Thursday, July 7, 2011
The Sweet Spot: Peter Nadin's Bootleg Buying Club
Peter Nadin, The Bo'sun's Chair, 2011. Fifty-seven hemlock logs, terracotta, wood, string, nutria fur, wax, fabric, indigo pigment, bronze and galvanized nails ranging from 60 to 122 inches high, in Peter Nadin, "First Mark," at Gavin Brown's enterprise, New York, through July 30, 2011. Photos: 16 Miles [more]
Peter Nadin, Raft, 2011. Honey, terracotta, wood, twine, bank run, wax and ham, 288 x 288 x 9 1/2 in.
Eggs, honey, and maple syrup are just part of the bounty, from the Old Field Farm, in Cornwallville, New York, which is available at GBE and poorly photographed here.
After a brief break, necessitated by its food-free Nate Lowman exhibition "Trash Landing," Gavin Brown's enterprise once again has a commissary. In the gallery's rear kitchen, in which Rirkrit Tiravanija operated a soup kitchen back in March, artist Peter Nadin has set up what he terms a "Bootleg Buying Club," a miniature market that sells goods from his 150-acre Old Field Farm, in Cornwallville, New York. A soup kitchen it is not. Instead it's artisanal and luxurious and just slightly tinged with nostalgia: contemporary Brooklyn as captured by the New York Times Dining section, which has already taken note. (As Paddy Johnson points out, Nadin is a press magnet.)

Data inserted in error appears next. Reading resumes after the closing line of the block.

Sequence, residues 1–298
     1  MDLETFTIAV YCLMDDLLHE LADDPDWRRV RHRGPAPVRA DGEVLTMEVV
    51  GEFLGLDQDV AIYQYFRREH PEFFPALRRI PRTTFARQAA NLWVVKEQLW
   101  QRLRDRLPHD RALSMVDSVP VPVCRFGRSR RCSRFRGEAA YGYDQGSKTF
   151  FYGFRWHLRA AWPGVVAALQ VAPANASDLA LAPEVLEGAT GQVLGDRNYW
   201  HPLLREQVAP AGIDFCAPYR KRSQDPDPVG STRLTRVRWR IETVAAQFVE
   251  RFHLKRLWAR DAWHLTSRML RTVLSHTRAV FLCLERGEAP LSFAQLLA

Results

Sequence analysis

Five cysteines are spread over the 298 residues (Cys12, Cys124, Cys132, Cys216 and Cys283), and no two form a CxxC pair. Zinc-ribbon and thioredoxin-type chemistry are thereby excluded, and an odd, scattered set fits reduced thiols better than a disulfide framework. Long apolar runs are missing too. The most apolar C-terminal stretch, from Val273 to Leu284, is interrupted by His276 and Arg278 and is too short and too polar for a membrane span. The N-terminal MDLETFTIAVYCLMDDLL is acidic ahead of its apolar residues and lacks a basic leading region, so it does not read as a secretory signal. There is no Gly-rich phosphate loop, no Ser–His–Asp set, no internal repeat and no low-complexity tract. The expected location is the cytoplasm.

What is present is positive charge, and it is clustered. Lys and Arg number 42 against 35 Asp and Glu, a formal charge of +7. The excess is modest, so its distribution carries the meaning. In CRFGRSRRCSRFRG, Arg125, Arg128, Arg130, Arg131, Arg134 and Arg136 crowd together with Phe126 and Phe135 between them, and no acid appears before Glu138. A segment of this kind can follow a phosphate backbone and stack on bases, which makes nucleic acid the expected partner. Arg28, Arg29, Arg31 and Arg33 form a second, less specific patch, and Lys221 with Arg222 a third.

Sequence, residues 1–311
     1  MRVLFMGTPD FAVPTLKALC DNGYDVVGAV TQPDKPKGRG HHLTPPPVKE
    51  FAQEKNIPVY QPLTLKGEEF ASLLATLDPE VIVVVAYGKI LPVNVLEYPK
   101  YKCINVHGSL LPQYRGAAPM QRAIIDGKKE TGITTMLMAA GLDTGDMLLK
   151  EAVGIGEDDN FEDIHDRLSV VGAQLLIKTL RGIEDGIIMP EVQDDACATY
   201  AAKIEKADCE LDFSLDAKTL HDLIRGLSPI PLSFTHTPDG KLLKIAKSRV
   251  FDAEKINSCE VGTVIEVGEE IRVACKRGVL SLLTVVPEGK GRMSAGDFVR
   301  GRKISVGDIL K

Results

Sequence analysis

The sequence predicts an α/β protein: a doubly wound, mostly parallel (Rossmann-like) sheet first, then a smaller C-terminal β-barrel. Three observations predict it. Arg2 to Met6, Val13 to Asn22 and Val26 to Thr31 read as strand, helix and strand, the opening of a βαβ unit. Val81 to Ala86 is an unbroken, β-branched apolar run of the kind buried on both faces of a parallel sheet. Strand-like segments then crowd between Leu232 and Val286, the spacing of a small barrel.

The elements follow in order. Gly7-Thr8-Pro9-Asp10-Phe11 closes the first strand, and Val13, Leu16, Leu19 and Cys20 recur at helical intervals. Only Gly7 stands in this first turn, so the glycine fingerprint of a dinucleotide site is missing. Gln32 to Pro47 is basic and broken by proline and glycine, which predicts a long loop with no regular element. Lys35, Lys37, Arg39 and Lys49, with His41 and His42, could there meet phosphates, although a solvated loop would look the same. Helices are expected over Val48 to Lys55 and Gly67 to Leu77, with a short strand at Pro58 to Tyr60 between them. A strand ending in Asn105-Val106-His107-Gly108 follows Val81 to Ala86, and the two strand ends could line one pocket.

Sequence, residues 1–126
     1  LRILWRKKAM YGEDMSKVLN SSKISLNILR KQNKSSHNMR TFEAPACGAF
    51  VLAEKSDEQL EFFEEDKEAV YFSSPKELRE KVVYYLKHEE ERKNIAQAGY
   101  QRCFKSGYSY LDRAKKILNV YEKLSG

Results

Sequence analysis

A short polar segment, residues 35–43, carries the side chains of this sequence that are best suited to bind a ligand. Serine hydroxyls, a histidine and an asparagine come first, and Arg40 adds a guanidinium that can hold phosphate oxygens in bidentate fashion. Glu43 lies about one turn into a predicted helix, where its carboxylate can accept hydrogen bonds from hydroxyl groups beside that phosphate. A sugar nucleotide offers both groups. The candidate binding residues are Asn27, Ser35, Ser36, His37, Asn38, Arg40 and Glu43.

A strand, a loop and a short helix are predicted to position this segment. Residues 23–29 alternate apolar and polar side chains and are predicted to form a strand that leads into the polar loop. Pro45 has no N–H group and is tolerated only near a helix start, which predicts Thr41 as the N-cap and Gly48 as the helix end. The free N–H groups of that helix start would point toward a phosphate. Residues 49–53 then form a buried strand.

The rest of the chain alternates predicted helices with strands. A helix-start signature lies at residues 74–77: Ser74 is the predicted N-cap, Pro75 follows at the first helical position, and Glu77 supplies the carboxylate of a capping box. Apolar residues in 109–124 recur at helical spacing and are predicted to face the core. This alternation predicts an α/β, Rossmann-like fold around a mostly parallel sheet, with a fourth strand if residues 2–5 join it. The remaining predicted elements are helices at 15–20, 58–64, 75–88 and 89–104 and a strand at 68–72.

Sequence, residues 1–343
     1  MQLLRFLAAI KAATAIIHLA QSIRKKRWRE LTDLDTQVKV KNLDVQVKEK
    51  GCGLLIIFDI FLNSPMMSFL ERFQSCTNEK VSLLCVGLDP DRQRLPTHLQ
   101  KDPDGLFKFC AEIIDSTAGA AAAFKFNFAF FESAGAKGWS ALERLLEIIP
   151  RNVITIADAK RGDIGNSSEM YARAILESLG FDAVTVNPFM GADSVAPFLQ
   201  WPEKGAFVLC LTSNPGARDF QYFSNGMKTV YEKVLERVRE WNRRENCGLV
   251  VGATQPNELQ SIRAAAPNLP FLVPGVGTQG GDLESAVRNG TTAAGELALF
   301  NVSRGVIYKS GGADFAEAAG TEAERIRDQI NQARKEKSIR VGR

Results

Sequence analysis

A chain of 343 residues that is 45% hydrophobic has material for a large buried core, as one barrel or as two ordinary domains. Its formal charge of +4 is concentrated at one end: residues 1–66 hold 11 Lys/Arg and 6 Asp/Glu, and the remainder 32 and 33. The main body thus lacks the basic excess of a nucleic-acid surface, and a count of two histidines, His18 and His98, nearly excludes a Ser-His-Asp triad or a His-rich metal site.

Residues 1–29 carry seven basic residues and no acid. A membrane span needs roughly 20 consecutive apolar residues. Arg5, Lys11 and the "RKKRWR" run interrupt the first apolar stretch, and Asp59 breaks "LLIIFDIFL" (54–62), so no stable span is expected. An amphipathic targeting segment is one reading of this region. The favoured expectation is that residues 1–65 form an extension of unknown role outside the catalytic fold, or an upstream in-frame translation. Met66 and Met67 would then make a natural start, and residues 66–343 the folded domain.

Nadin's gourmet heaven stocks pork rillettes and eggs, fine herbs and maple syrup, as well as jars of bright amber-colored honey, which seem likely to be popular with visitors given that three tons of that relatively pungent ingredient are sitting in the adjoining room, serving as a foundation of sorts for his Raft (2011) sculpture. (Interestingly, Nadin did not use Old Field Farm honey for the piece, though he did use local honey, purchased from a nearby county.) I couldn't resist buying a small jar on opening night, moved, in part, by the idea that I would go home and make John Cage cookies using Peter Nadin honey. (Wild, I know.) Of course, I stupidly forgot one of the cornerstone principles of Cage's macrobiotic regime: "Honey is sugar; don't use it." Regardless, it's great when slathered on English muffins or melted into tea.
Tiravanija's installation-heavy show manages to look somewhat restrained when compared with Nadin's offerings, which include not only 6,000 pounds of honey but also a forest of 57 towering hemlock trees and a suite of huge paintings rubbed with materials like wax, honey, and black walnut — bombastic updates, perhaps, on Ed Ruscha's Stains (1969). Witnessing all of this, it's hard not to wonder how smaller, quieter, more intimate shows will feel in Brown's year-old space.